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Sporting Clays offers shooters fun new test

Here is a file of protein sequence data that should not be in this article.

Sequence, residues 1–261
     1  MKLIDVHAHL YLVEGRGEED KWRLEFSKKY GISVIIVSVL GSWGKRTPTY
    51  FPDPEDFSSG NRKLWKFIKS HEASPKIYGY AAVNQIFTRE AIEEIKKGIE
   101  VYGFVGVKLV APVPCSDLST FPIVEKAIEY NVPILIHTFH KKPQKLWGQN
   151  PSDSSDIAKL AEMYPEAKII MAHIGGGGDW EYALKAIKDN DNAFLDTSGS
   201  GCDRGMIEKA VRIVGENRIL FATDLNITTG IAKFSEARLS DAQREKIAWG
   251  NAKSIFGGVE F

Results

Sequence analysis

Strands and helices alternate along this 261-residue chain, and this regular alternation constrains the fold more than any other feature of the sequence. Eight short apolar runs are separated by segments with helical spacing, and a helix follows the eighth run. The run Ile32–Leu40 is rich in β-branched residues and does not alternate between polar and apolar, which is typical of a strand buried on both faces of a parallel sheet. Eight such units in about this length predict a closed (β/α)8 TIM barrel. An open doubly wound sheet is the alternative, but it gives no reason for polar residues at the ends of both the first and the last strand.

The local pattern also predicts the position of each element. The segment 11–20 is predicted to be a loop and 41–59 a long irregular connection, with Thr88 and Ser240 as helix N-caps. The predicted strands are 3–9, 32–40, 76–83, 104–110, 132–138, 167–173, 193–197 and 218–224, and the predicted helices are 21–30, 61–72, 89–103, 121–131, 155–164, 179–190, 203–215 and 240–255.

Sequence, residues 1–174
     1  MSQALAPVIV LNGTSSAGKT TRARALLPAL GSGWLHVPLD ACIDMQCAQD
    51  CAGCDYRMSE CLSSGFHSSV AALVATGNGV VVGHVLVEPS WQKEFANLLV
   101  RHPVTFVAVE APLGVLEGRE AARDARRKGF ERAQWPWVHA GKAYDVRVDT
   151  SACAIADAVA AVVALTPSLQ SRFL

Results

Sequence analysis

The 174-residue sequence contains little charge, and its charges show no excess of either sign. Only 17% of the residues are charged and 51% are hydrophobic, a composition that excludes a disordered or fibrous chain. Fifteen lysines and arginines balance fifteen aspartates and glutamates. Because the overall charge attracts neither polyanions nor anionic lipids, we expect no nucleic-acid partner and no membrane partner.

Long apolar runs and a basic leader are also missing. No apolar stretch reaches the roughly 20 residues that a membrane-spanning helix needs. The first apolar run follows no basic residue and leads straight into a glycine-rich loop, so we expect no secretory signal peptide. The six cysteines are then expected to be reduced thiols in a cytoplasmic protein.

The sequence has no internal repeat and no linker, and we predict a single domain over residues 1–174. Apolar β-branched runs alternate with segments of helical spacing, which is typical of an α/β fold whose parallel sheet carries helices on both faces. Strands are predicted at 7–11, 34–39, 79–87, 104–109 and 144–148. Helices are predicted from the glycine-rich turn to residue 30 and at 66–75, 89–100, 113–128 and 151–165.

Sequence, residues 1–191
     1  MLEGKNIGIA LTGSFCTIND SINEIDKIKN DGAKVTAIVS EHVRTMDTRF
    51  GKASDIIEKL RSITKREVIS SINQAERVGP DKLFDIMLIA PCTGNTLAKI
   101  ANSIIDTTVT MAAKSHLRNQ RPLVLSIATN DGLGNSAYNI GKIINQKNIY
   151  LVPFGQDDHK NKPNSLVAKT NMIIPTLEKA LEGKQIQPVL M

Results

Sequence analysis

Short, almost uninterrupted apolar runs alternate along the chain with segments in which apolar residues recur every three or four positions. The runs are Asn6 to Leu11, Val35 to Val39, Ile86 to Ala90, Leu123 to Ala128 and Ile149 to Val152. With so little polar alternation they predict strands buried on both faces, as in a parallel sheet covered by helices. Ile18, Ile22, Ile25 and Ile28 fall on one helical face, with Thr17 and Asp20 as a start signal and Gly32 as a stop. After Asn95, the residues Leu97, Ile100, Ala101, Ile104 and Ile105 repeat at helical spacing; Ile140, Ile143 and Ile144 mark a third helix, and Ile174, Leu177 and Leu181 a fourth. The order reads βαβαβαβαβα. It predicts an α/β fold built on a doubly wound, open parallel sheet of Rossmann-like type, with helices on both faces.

"A lot of good shots at the Holmes Harbor Rod & Gun Club are scratching their heads, wondering how they could have missed.That's because there's a new game in town; a game in which clay targets come from every which way, including loose. From the left, from the right, from behind, straight up, even bouncing along the ground, shooters have to be ready for anything.Gun Club volunteers have finished installing an elaborate new test of shotgun shooting skills called Sporting Clays. It's the only such set-up on the island.Don Goodfellow, a long-time shooter who has won more than his share of trophies in regular clay target contests as well as skeet, quickly became a fan of Sporting Clays. It's a fun thing, something that's new, he said. And it relieves the boredom -- it's humbling.The range will be open to the public as well as Gun Club members beginning July 1. But in tune-up tests plenty of shooters other than Goodfellow have been humbled -- but they also have a great time on the range.Pete Tulloch, assistant range master, sits in front of a small wooden box with an array of toggle switches, which he uses to launch the Sporting Clays targets. Five shooters are lined up, each in a cage-like structure so they can't swing their gun barrel too far left or right. Each shooter steps forward in turn to either impress others or humiliate themselves.You miss, laugh, and go on to the next target, Tulloch said. Until I shot this game I thought I was a good shot.The target styles have their own names. The screaming teal, for example, soars straight up into the sky, like the small fast duck it is named after. The bouncing rabbit, on the other hand, starts out low and actually skips across the ground.The bouncing rabbit appears to be most challenging, and it was the most popular target at a recent shoot. I don't care about the bird in the air, get me the rabbit, demanded Leslie Austin, shotgun draped across her arm. She got her wish but the rabbit escaped unscathed.Mark Steele, who managed to connect on a few shots, gave another shooter some advice. You've got to shoot on instinct, he said. That's what it's all about.Mike McInerney's advice was even more succinct. See the bird, shoot the bird, he said. If only it were so simple.Goodfellow said regular trap shooters get so good it's not uncommon to hit 25 of 25 targets. That seldom happens in Sporting Clays. There are eight different traps the targets can come from and shooters can't hone in on one or two.Perfect scores are virtually unheard of, Tulloch said. A full game consists of five flights of 25 targets each, but most shooters don't hang around that long. It's too humbling.Public welcome to take aim, fireBeginning Saturday, July 1 the Sporting Clays at Holmes Harbor Rod & Gun Club will be available to the public as well as members. Cost for non-members is $5; bring your own gun and ammo. The cost is $3 for members.On July 8 a special promotion aimed at boosting Gun Club membership gives all prospective new members three free flights, consisting of 25 clay targets each. For more information call Pete Tulloch at 360-678-5484."